A hat trick is when a player scores 3 goals in a hockey game. The goals can be scored during regulation or overtime, on a penalty shot – any which way, except in a shootout.
If you didn’t know what a hat trick was, now you know. If you want to know why they call it a hat trick, check out my blog post here.
But you came here because you came across a more specific term - natural hat trick.
What is a natural hat trick?
A natural hat trick is when a player scores 3 consecutive goals in a game, uninterrupted by a teammate or opponent. The feat is recognized regardless if the goals were scored within the same period or across several, excluding goals in the shootout. The NHL record for the quickest hat trick is 21 seconds, set by Bill Mosienko (Chicago Blackhawks) in the 1951-52 season.
Mosienko registered the hat trick against the New York Rangers at Madison Square Garden on March 23, 1952. His victim was Rangers’ goaltender Lorne Anderson, who allowed all three goals against in the 3rd period.
How many hat tricks are natural?
Based on the last five seasons, dating back to 2016-17, 13.6% of all hat tricks were natural.
In total, there were 338 hat tricks registered in the regular season, and 46 of those were natural hat tricks.
That amounts to 9+ natural hat tricks each season, on average.
Just to be clear, I’ve scoured the internet and couldn't find any historical data related to natural hat tricks.
Not even the NHL shares this stat on their website. To their credit though, they provide data on players scoring 3 or more goals in a game. (source)
In the end, I crossed reference the 3+ goal list to game summary sheets and retrieved the data on natural hat tricks.
Below is the result of my search.
Natural Hat Tricks from 2016-2021
Natural Hat Tricks Scored by NHL Defensemen
You’ll notice that not many defensemen make it on the list. Over those last 5 seasons, only two were defensemen: Jared Spurgeon and Justin Faulk.
In fact, if you go all the way back to 1917 (the NHL’s inaugural season), only 12 defensemen ever managed to score a natural hat trick. Al MacInnis (Calgary Flames) managed the feat twice!
This total includes regular season and playoffs.
Feb 21, 2020
Feb 13, 2018
Nov 30, 2007
St. Louis Blues
Oct 12, 1998
St. Louis Blues
Dec 11, 1996
Dec 1, 1990
Nov 24, 1986
New York Rangers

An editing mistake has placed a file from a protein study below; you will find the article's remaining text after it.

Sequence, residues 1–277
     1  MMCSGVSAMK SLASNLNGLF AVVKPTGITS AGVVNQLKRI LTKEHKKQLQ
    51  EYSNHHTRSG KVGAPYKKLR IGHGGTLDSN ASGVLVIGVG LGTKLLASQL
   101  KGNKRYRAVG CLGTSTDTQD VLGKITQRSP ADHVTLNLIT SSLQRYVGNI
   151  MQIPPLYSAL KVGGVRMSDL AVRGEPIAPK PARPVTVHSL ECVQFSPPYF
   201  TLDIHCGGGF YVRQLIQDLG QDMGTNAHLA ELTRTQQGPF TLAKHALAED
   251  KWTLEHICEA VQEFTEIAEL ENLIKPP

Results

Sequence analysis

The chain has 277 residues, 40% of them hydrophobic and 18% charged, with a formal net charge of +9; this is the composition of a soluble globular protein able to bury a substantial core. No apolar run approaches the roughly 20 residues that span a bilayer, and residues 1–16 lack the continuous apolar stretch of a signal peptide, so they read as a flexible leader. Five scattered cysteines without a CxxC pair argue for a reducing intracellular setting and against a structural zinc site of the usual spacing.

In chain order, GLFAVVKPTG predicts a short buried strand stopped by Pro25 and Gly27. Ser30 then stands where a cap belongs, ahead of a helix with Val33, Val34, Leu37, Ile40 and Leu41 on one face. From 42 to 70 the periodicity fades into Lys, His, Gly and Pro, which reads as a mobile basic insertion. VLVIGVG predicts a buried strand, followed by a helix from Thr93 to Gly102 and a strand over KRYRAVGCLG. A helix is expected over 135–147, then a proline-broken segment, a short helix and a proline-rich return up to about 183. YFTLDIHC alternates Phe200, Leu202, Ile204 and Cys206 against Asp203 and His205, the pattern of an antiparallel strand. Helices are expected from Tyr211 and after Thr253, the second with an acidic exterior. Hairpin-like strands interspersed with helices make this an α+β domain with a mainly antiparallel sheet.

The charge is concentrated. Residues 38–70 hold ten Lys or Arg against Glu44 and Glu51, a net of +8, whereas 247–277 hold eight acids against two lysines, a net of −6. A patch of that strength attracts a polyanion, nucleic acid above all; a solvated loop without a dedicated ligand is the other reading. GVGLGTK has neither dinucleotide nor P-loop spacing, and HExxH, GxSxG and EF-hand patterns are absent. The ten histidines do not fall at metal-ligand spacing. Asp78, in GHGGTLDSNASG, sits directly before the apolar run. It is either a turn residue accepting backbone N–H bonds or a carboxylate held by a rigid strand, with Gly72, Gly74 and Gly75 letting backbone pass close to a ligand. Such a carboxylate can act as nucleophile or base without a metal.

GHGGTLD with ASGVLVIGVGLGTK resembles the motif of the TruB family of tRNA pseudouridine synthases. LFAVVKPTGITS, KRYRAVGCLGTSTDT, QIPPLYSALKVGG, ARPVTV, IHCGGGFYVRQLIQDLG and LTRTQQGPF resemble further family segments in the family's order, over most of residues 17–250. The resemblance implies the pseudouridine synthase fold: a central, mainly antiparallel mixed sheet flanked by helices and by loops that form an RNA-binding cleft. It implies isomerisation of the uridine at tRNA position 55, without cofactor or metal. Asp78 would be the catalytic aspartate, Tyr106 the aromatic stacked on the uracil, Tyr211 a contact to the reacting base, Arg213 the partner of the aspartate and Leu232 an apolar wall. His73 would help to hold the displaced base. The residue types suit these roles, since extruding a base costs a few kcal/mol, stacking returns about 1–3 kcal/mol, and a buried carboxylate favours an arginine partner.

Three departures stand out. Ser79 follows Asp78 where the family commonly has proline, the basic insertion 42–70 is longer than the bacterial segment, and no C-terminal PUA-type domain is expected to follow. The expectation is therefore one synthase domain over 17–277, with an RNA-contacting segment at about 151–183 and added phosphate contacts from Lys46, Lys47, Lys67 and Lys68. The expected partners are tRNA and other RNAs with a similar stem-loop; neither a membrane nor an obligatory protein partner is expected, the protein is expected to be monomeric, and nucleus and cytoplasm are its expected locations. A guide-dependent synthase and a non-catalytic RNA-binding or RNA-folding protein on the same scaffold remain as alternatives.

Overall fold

Mar 17, 1982
John Van Boxmeer
Nov 7, 1981
New York Islanders
Oct 14, 1978
Apr 4, 1973*
New York Rangers
Dec 12, 1971
Dec 24, 1919
Only once has a defenseman managed to score 3 consecutive goals in the playoffs. As can observed from the defensemen list, that honor goes to Dick Redmond of the Chicago Blackhawks.
In his Stanley Cup Playoffs debut, Redmond scored a natural hat trick against the St. Louis Blues in a 7-1 victory. He scored twice in the first period and the other in the second.
Natural Hat Trick Debate
There are two situations in which a natural hat trick would come into question.
One, we already covered in the definition.
We know for certain that if a player scores 3 consecutive goals within the same period, it’s simply considered a natural hat trick.
Well, the same applies for goals scored across several periods, including overtime. Three consecutive goals is recognized as a natural hat trick regardless of period interruption.
This next situation is quite interesting.
What if Player A scores a goal, followed by another player, followed by three consecutive goals again from Player A?
That is, Player A scored 4 goals in total. However, the original hat trick did not stem from consecutive goals.
To put it into perspective, the fans in attendance likely would have thrown hats on the ice after Player A’s third goal - to celebrate the "regular" hat trick.
The answer is that Player A still managed to score a natural hat trick, regardless of any other of his goals scored.
In the end, he managed to score both a hat trick and natural hat trick. But overall, he will have earned a single hat trick in a game.
So, when the discussion pops up, go back to the definition – A natural hat trick is when a player scores 3 consecutive goals in a game.